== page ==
There are lots of different ways of optimising programs. Sometimes it’s possible to use a different algorithm that does exactly the same thing but faster. Sometimes it can be faster to store some results in memory or on disk so that they don’t have to be calculated again, sacrificing some memory/disk space for speed. Sometimes you can avoid doing something that is unnecessary or unimportant, for example, in a game, you might decide that there is no point in displaying details on distant objects since they would barely be visible anyway. Sometimes it’s possible to cut out some checks, for example you might have some code that keeps checking whether a value is zero even though it’s actually impossible for the code that changes this value to set it to zero.

These all sound like they should be obvious, but it can be very tricky to find ways of optimising code in practice. Designing fast algorithms can be very subtle, and sometimes it takes many years of research for someone to realise that there is a much faster way of doing something than anyone thought possible. A typical software package is very complicated and is made up of lots of different components, so it can be hard to understand how they all fit together and where unnecessary work is being done. And the operation of CPUs is pretty subtle – sometimes something that seems like it should be faster ends up being slower because it means the CPU has to move some stuff out of its cache, for example.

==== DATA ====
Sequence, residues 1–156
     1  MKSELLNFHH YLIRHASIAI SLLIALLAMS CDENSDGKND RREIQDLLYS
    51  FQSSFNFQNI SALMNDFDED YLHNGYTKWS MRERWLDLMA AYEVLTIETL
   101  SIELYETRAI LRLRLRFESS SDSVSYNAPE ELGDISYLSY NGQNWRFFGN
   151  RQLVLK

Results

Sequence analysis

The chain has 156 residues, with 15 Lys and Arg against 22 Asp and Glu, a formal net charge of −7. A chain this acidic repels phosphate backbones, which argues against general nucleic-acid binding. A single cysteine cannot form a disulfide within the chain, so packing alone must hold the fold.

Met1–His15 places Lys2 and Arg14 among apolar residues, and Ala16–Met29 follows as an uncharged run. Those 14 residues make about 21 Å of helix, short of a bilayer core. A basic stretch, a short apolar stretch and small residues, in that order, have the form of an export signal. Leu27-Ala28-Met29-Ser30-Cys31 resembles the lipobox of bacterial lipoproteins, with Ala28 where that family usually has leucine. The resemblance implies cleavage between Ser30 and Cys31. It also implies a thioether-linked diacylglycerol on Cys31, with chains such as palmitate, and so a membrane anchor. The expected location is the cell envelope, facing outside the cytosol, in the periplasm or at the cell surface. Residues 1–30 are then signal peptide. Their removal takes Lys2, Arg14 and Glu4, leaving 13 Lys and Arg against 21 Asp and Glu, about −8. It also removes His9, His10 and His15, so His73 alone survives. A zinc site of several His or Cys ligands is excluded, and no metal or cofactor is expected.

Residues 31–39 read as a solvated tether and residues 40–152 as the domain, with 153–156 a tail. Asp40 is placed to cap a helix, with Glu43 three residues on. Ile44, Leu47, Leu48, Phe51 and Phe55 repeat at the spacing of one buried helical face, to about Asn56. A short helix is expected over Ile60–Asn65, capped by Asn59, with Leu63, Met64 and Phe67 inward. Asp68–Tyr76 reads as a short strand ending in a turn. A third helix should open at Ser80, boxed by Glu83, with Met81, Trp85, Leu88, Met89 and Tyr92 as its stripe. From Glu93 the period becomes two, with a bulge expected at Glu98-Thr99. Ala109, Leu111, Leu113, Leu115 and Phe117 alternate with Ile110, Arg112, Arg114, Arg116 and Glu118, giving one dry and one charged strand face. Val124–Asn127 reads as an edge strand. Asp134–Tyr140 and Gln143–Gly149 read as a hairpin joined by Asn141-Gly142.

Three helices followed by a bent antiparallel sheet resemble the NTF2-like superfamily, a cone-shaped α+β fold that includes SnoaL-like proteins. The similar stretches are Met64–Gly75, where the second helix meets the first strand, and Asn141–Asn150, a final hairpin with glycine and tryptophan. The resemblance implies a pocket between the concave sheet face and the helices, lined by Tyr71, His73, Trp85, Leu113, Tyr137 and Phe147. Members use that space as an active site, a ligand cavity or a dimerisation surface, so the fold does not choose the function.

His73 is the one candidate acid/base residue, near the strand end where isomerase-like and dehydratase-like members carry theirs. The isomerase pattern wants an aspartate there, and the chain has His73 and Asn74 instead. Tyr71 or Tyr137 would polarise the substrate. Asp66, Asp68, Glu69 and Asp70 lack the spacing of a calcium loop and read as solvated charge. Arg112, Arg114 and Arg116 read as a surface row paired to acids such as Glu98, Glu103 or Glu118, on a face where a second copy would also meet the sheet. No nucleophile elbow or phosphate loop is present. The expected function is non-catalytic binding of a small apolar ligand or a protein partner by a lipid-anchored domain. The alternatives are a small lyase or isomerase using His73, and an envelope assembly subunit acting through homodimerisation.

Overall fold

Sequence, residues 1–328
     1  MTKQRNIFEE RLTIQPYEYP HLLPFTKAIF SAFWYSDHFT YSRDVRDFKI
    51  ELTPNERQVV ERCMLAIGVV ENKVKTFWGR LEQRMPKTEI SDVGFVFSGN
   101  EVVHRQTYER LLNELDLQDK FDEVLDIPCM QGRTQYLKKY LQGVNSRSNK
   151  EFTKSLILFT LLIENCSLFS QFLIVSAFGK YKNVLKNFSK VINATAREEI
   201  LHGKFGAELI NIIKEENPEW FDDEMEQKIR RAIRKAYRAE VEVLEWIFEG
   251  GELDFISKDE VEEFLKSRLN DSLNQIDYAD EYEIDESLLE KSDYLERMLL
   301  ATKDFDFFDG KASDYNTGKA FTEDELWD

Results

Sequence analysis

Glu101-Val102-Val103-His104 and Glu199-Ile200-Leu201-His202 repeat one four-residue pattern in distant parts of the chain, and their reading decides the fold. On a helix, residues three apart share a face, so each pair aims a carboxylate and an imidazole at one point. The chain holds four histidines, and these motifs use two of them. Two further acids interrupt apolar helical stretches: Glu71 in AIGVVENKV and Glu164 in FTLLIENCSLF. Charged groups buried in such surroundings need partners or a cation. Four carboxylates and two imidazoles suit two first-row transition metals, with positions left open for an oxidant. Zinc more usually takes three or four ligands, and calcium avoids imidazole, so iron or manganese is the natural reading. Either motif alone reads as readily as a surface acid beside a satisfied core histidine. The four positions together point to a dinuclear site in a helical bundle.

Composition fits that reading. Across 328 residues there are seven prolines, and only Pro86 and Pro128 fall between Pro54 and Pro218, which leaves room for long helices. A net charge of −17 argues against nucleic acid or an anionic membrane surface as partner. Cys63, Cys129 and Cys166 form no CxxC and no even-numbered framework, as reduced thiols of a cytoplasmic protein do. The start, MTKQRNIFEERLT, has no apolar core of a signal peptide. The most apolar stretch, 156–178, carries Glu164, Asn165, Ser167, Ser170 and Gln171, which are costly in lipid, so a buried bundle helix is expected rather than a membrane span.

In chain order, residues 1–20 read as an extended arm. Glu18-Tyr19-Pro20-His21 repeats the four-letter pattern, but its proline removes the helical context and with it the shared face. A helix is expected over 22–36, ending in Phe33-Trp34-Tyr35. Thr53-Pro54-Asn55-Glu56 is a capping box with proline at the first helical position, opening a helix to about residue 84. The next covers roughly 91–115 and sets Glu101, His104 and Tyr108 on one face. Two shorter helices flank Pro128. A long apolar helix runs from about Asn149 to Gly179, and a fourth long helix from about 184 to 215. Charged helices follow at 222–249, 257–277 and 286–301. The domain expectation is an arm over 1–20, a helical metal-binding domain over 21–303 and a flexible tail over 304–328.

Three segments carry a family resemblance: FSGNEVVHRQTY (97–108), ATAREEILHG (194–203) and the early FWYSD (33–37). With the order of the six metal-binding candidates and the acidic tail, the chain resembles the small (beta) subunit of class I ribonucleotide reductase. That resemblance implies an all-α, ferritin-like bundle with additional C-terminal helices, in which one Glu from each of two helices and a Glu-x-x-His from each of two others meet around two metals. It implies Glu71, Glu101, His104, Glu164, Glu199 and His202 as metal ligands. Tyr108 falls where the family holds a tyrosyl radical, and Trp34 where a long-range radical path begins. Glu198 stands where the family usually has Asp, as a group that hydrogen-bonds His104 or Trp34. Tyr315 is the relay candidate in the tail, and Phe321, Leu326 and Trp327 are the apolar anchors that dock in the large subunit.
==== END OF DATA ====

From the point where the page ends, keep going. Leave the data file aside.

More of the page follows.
I recommend watching these videos: optimizing code in general, of course those kinds of optimization can be applied in games.
and the guy goes in detail of everything he did

but it’s very dependent on the game and the way it was implemented in the first place. what’s important generally is to optimize parts of the code that are used the most. there are university courses about game optimization.